Films about the freedom struggle and its fighters have generated many classics in Tamil cinema but they are now
a thing of the past. So Pazhassi Raja, dubbed from Malayalam, is a rare entry in the genre. The film was
the most expensive film in Malayalam cinema and has also turned out to be its biggest blockbuster. Chronicling
the life of the titular king, who was one of the first to wage a war against the British, it narrates a
little-known part of history and does it well but the lack of nativity prevents it from being as exhilarating
and inspiring as it should be.
The film is set in 1792 after Tipu Sultan has handed over the Malabar province to the East India Company,
which levied heavy taxes and snatched away the basic rights of the people. When his palace is raided, Pazhassi
Raja(Mammootty), the king of Thalassery in the Malabar region, goes on the run with his pregnant wife(Kaniha)
and his loyal followers. With his army general Edachena Kunkan (Sarathkumar) and allies like the tribals
Thalackal Chanthu (Manoj K Jayan) and Neeli(Padmapriya), he stands up to the British but reconsiders his
decision for the good of the common man.
It is easy to forget the fact that we are watching a dubbed film when the film's setting and culture are
universal (Arundhati and Sindhanai Sei are a couple
of recent examples of this). But that obstacle is a little more difficult to overcome in Pazhassi Raja.
It is steeped in Keralite history and culture and so its a little off-putting to hear everybody converse in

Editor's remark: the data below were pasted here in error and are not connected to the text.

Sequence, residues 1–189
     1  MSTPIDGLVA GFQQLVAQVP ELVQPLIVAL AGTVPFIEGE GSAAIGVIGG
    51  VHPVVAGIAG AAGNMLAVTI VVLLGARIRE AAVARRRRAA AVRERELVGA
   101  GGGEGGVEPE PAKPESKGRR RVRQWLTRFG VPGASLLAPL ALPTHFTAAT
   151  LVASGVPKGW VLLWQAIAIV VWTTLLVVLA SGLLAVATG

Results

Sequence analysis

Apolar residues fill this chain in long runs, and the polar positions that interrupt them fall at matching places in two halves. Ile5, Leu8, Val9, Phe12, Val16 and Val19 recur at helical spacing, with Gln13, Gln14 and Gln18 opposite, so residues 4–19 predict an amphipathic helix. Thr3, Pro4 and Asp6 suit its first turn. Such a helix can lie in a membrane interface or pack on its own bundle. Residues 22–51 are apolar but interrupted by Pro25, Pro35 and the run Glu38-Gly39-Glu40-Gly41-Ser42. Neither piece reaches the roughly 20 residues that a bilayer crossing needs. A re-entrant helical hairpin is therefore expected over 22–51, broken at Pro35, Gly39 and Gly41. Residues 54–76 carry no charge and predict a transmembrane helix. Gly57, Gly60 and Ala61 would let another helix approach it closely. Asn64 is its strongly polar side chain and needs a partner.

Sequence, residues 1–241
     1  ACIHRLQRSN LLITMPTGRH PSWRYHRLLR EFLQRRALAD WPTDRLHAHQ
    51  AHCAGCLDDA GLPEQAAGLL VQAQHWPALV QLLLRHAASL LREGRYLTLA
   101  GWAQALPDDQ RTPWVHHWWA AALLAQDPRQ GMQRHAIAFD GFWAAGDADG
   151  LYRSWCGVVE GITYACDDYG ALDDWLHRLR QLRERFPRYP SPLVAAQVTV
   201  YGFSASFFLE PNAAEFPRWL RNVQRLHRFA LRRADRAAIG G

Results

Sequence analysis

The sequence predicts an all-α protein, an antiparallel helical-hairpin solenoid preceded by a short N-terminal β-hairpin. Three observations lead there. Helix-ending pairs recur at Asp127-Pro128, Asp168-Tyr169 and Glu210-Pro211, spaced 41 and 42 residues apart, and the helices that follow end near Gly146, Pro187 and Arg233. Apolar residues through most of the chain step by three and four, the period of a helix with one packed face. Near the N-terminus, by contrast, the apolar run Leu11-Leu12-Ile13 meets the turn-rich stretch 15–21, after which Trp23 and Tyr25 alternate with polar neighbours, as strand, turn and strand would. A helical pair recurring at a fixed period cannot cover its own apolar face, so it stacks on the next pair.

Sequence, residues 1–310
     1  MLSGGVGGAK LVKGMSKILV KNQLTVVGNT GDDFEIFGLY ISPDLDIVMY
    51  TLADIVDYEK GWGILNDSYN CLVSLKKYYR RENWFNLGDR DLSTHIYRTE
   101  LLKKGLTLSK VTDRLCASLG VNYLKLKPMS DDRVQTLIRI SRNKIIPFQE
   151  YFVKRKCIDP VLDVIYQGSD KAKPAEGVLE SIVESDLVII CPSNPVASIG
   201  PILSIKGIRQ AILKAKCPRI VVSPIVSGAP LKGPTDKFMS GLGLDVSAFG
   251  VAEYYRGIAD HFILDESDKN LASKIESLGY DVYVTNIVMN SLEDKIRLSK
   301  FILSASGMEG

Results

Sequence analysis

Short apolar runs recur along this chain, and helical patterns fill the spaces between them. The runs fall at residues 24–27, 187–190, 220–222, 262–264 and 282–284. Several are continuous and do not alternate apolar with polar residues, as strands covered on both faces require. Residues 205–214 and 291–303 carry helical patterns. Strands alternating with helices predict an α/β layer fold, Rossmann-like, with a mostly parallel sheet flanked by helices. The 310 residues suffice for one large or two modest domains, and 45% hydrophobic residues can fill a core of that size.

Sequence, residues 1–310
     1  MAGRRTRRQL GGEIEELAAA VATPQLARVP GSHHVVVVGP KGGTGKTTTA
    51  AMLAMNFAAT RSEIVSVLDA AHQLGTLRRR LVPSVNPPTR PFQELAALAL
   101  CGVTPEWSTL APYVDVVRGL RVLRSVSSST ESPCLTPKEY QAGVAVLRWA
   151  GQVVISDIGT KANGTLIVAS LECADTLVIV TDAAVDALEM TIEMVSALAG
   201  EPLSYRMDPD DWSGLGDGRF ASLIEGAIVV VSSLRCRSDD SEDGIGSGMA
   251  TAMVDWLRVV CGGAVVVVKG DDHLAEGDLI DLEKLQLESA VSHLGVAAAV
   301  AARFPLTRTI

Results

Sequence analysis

Tamil. While the movie has enough to make us admire its protagonist and his war against a much stronger
adversary, the disconnect makes us watch the proceedings with a detached feeling. The patriotic stirrings
and palpable excitement that arise when we see Veerapandiya Kattabomman or Kappalottiya Thamizhan
are missing here.
Mammootty has a rather small band of followers whose strength is knowledge of the lay of the land rather than
numbers or weaponry. So they indulge in guerilla warfare against the might of the British army and this makes the
skirmishes more intimate and easier to follow. Ofcourse the logistics also become simplified with these
small-scale battles(compared to wars with huge armies clashing with each other). So the fights are energetic
and well-staged with the forest being utilized well for camouflage, fashioning weapons, etc.
Considering the story is about Pazhassi Raja's fight for freedom, this is a film where the end is a foregone
conclusion. Still the movie creates a memorable group of characters and adds enough variety to the battles
to keep things moving. The loyalty and devotion that Sarath, Manoj.K.Jayan and Padmapriya show towards
Mammootty is admirable and the tough life the band leads, staying in one place only as long as the British
army doesn't find it and enduring the tough terrain and weather, is showcased well.
Mammootty looks regal and in control as the king. His controlled acting and measured way of talking fit
the role but there are a couple of places where one wishes he had been little more flamboyant. Sarathkumar
makes a strong impression as his Commander with some subtle acting that we never saw in all those
larger-than-life roles he's been doing in Tamil. The fact both Mammootty and Sarath have dubbed with their
own voices is welcome. Padmapriya enjoys her role while Suman doesn't quite earn our revulsion as he
sides with the British to bring Mammootty down. Ilaiyaraja's background score also comes off as low-key
considering that the movie is aiming to be an inspirational tale. One of the songs sounds a bit like
the duet from Siraichaalai.